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Lee Majors: An Iconic Career Retrospective


Lee Majors is a name that resonates with fans of classic television and pop culture. Best known for his roles in iconic series like “The Six Million Dollar Man” and “The Fall Guy,” Majors became a household name during the 1970s and ’80s. His chiseled features and effortless charisma made him an instant hit among audiences, cementing his place as one of TV’s most beloved action stars.

Lee Majors

Childhood and Education

Lee Majors was born on April 23, 1939, in Wyandotte, Michigan. Tragically, he lost both his parents at an early age which resulted in him being raised by relatives in Middlesboro, Kentucky. His childhood was marked by a keen interest in sports and activities that would later influence his on-screen persona as a rugged action star. Majors attended Middlesboro High School where he excelled in football earning himself a scholarship to Indiana University. He eventually transferred to Eastern Kentucky University where he continued to pursue his athletic interests while also developing a growing fascination with acting.

During college Lee’s athletic prowess was undeniable; however, it’s worth noting that an injury led him to reconsider his future prospects. This pivotal moment steered him toward the arts—a decision that set the stage for his eventual Hollywood fame.

  • Born: April 23, 1939
  • Birthplace: Wyandotte, Michigan
  • Raised: Middlesboro, Kentucky
  • High School: Middlesboro High School
  • Universities: Indiana University & Eastern Kentucky University

Early Acting Roles

After college I turned my attention towards acting and moved to Los Angeles. The city of dreams welcomed me with open arms and before long I had my first gig—an uncredited role in the film ‘Strait-Jacket’. Though small this role marked the beginning of what would be a prolific career.

My break came when I landed a recurring role on ABC’s western series “The Big Valley” playing Heath Barkley opposite Barbara Stanwyck from 1965 to 1969. This opportunity not only honed my acting skills but also exposed me to millions of viewers each week—catapulting me into television stardom.

Bullet-pointed list of early notable roles:

  • Strait-Jacket (1964): Uncredited role
  • Gunsmoke (1965): Various characters
  • The Big Valley (1965–1969): Heath Barkley

I often reflect on those initial parts because they prepared me for one of my most iconic roles as Colonel Steve Austin in “The Six Million Dollar Man”. It wasn’t just another job; it became part of TV history and established me as a household name across America.

In summary:

Year Role Production
1964 Uncredited Strait-Jacket
1965 Various characters Gunsmoke
1965 Heath Barkley The Big Valley

These stepping stones were critical for building up my reputation within the industry leading up to bigger projects like “Owen Marshall Counselor at Law” where I continued showcasing my versatility as an actor through various challenging roles.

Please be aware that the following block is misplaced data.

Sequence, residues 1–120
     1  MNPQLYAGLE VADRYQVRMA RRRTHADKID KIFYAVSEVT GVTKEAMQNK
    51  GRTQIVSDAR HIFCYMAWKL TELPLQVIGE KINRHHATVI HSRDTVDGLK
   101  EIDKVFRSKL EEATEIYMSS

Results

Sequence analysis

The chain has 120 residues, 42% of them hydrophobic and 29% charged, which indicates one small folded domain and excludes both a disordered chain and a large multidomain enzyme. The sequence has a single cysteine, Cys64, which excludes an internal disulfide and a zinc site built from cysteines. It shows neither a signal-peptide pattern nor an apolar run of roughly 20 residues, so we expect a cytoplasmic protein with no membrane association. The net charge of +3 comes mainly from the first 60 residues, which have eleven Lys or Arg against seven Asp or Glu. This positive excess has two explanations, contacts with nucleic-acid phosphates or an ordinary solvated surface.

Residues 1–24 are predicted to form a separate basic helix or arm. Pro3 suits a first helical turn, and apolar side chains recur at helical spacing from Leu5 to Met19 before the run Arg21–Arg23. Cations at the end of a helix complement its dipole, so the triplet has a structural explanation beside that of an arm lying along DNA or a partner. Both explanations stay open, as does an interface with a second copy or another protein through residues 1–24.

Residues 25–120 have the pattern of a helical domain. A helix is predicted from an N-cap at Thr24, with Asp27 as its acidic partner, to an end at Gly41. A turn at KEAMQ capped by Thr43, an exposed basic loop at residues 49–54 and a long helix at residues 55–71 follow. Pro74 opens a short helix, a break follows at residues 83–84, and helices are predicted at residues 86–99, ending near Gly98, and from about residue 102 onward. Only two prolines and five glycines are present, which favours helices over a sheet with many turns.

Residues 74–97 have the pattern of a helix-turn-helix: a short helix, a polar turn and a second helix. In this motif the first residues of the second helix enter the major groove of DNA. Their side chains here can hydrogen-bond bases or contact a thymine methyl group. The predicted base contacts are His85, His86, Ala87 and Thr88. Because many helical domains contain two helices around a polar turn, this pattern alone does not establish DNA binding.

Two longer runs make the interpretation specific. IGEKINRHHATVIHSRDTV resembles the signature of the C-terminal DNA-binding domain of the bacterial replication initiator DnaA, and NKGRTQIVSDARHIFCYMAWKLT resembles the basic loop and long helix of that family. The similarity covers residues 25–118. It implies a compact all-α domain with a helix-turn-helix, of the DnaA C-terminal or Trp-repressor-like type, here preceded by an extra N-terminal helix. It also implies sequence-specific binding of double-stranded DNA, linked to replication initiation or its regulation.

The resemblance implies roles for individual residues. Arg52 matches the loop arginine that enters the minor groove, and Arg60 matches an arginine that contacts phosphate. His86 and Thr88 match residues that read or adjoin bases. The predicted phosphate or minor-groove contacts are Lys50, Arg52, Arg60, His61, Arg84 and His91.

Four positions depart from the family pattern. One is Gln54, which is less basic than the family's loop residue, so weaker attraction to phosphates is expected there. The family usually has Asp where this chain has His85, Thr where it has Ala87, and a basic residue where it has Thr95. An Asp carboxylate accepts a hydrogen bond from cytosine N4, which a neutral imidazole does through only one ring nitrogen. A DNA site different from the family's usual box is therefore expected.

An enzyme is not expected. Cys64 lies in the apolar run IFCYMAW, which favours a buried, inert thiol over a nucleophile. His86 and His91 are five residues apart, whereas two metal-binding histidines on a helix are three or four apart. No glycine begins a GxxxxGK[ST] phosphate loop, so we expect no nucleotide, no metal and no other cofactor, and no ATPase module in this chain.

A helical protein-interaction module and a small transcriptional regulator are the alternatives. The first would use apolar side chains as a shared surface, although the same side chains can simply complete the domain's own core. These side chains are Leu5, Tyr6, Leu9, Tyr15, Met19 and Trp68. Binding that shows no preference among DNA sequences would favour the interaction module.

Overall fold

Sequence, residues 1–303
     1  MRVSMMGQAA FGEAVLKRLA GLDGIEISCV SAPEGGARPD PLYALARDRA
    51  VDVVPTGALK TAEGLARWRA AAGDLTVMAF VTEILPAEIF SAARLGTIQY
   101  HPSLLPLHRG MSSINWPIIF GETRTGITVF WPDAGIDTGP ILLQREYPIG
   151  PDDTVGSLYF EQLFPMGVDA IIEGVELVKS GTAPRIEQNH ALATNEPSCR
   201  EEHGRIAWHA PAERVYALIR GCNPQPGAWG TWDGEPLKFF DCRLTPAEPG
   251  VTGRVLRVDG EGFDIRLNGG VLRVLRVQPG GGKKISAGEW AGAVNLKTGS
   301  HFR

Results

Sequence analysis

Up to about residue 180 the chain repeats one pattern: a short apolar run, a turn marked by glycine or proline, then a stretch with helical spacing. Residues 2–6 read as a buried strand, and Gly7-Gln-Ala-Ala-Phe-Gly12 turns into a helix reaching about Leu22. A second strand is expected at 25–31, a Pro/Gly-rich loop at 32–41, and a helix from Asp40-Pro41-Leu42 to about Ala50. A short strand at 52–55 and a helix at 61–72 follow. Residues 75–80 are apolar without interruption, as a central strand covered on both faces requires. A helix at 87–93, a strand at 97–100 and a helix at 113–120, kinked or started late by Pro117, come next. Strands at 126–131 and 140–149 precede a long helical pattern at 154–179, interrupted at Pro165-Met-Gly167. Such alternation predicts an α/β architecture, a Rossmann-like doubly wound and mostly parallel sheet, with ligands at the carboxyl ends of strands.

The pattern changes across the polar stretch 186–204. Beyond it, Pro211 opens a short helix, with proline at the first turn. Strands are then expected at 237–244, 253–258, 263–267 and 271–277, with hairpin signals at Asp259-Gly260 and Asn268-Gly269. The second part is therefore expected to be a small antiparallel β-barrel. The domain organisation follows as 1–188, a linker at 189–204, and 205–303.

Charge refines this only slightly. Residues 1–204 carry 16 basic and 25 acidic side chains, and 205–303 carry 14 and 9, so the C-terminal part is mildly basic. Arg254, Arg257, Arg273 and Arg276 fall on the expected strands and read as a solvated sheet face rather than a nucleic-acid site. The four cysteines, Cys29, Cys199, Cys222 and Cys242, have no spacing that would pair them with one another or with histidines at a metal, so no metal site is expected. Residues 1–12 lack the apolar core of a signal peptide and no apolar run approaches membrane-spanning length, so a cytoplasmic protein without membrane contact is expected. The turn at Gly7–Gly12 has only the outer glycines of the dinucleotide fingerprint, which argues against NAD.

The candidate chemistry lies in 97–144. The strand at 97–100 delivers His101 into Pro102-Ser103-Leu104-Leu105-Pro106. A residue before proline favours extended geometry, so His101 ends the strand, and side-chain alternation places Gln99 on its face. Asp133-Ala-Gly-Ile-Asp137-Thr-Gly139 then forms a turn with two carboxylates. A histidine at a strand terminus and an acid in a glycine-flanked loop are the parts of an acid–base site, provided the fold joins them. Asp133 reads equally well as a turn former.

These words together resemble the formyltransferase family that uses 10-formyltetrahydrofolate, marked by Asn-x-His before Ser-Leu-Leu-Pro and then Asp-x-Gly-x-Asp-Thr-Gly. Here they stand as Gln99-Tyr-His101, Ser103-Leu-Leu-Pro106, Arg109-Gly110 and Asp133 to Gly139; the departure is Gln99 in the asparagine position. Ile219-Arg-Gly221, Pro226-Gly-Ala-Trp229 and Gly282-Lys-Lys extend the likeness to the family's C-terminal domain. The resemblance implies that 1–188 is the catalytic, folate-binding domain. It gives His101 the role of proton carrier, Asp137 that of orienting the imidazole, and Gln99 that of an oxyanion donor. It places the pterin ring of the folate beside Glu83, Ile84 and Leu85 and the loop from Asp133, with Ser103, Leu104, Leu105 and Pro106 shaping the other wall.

The Six Million Dollar Man

Lee Majors’ Role as Steve Austin

Lee Majors became a household name in the 1970s thanks to his iconic role as Steve Austin on “The Six Million Dollar Man.” Portraying a former astronaut with bionic implants, he captured the imagination of viewers with superhuman strength, speed, and vision. Majors’ character was the epitome of cool, calm, and collected under pressure. His performance helped cement the show’s place in pop culture history.

  • Relatable hero for many fans
  • Mastered both action sequences and dramatic scenes
  • Became a positive representation of technology enhancing human capabilities

Majors’ portrayal wasn’t just about showcasing bionics; it was about highlighting human resilience. After all, Steve Austin was an injured test pilot who got a second chance at life due to advanced technology.

Impact and Popularity of the Show

“The Six Million Dollar Man” not only launched Lee Majors into stardom but also had a significant impact on popular culture and the science fiction genre. Its catchphrase “We can rebuild him; we have the technology,” became synonymous with innovation and progress.

  • Ratings: Consistently high during its airing from 1973 to 1978
  • Merchandise: Action figures, comic books, and other memorabilia that are still collectibles today

The series broke new ground in special effects for television at that time. Slow-motion sequences were used to depict Steve Austin’s bionic abilities which became one of its signature elements. The show also sparked conversations about the possibilities of human enhancement through technology.

Season Average Viewership (in millions)
One 11.5
Two 13.6
Three 14.2
Four Not readily available
Five Not readily available

Its success led to spin-offs like “The Bionic Woman,” further proof of its enduring legacy. Fans loved seeing characters overcome challenges using their wits and newfound abilities—a theme that resonates even today.